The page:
When the dog days of summer roll in, I really start craving ice cream.
Who am I kidding…I always crave ice cream!!
That’s all fine and dandy, except for the small issue of a severe dairy allergy, which makes enjoying ice cream a little more challenging for me than for most people. Added to that allergy is a fierce aversion to any ingredients that fall into the fake, chemical, artificial, risky, highly processed or questionable categories. So needless to say, most commercial ice creams are simply not options for me. Yes that includes dairy-free ice creams too! Here’s why:
Case #1 – Rice Dream Vanilla Frozen Dessert
Ingredients: filtered water, organic brown rice syrup, organic agave syrup, organic rice dextrin, organic expeller pressed sunflower oil and/or safflower oil and/or canola oil, natural vanilla flavour with other natural flavours, organic tapioca starch, soy lecithin, sea salt, organic guar gum, carrageenan
Case #2 – So Delicious Chocolate Coconut Milk Non-Dairy Frozen Dessert
Ingredients: Organic coconut milk, organic agave syrup, chicory root extract, cocoa, carob bean gum, guar gum, natural flavour
Does that list strike anyone else as odd? Shouldn’t ice cream be made from mostly cream, sugar and vanilla? What the heck are those other ingredients in there for? Let’s break it down:
- Brown rice syrup & agave syrup: sugar alternatives
- Rice dextrin: a dextrin is a starch (in this case rice starch), which has been treated with either an enzyme, an acid or an alkali to create a string of glucose molecules. It is used as a thickener.
- Organic expeller pressed sunflower/safflower/canola oil: an industrial seed oil, touted as heart-healthy by the powers that be, which were originally meant for paint and machinery (heaven forbid there is any real fat or cholesterol because that stuff will kill you!)
- Tapioca starch: a thickener
- Soy lecithin: an emulsifier, made from non-organic (therefore GMO and pesticide-laden) soy. Emulsifiers allow fat to dissolve into water.
- Guar gum: a powder derived from guar bean, a legume. It is used in food production as a thickener, an emulsifier and a stabilizer. It prevents the product from separating.
- Carrageenan: a polysaccharide extracted from seaweed, often used in lieu of gelatin to thicken food products. It also acts as an emulsifier and stabilizer. There is controversy around the safety of heavily processed carrageenan, with some research showing an association with intestinal ulcers and neoplasms. In my own experience, I find it very irritating to the digestive tract and choose to avoid it.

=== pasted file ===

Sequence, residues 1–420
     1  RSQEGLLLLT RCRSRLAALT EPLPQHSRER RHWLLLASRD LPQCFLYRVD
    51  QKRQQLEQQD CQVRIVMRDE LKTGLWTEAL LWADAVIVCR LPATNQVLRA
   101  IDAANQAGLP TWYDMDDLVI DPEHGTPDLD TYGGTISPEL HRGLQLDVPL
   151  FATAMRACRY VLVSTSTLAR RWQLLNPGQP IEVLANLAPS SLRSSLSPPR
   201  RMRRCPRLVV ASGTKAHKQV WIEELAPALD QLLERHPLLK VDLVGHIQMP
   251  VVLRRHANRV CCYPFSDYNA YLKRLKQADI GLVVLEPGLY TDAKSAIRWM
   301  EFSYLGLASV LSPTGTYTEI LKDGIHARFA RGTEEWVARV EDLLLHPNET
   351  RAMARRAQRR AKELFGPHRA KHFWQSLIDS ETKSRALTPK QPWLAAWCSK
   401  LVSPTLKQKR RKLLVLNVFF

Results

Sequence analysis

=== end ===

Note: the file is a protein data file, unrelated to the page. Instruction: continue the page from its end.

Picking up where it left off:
- Chicory root extract: made from the root of the flowering chicory plant. The root is most commonly used as a coffee substitute. It also contains inulin, which is an insoluble fibre, known for its prebiotic activity. It is used as a thickener and mild sweetener.
- Carob bean gum: a powder derived from the carob bean, a legume. It is also known as locust bean gum. It is used as a thickener and an alternative to cocoa.
So why are all of these ingredients necessary? Well first of all they’re not, but that’s besides the point. What’s going on here is an attempt to mimic the chemical composition of cow milk. Milk is what is known in the science world as a colloid – a bunch of tiny fat droplets suspended in water. Now in order to mimic this using water and an industrial crop oil such as canola, all sorts of emulsifiers must be added to the mixture to force it to become a colloid. The right mix of emulsifiers, thickeners and stabilizers can turn water and oil into an ice cream evil clone. It sort of feels the same, but deep down you know it’s not right!
The coconut version is definitely a better option, because it embraces the naturally high-fat composition of coconut milk, eliminating the need for adding a crop oil to water and forcing them to mix. However it still contains chicory root, guar gum and carob bean gum. Since guar gum and carob bean gum are legumes, and I don’t particularly enjoy migraines (trigger), the lesser of 2 evils is still evil to me!
Now that your favourite non-dairy ice cream is starting to look a little questionable (sorry!) how about a delicious and easy alternative that will totally satisfy kids of all ages? Made with only 2 ingredients, my Mango Creamsicles are a guaranteed winner! As always, I will be using my favourite brand of coconut milk – Aroy D.
While you can use any popsicle mould, try to find a plastic-free version if possible. I was super thrilled to find these silicon popsicle moulds on Amazon and promptly bought 2 packs!
While I have never made this recipe in an ice cream maker (I don’t own one – yet – hint hint oh hubby dearest!), I have a feeling it may turn out pretty well. If I end up the owner of an ice cream maker, I will give it a shot and report back, but until then they will stay in popsicle form for me. Enjoy!
- 1 cup Aroy D coconut milk
- 2 ripe ataulfo mangos
- pinch of sea salt
- 1. Combine all ingredients in a food processor or blender.
- 2. Blend on high until a very smooth consistency is achieved.
- 3. Pour into popsicle moulds and freeze.
- Run under hot water for 10 seconds to help the popsicle release from the mould.
- I am sure you can use any type of mango (or fruit for that matter) but the ratio of fruit to milk might change. Green mangos tend to be a lot larger than ataulfo's, so you likely will only need 1!
Combine all ingredients and blend. Check out this amazing trick for preparing mangos!
Pour into popsicle moulds and freeze. Mine don’t stand up on their own so I put them in a pint glass.
Run under hot water and enjoy!
This recipe is flexible and adaptable to any ingredients that you have on hand. Get creative! What other flavours are you going to try? Share in the comments below!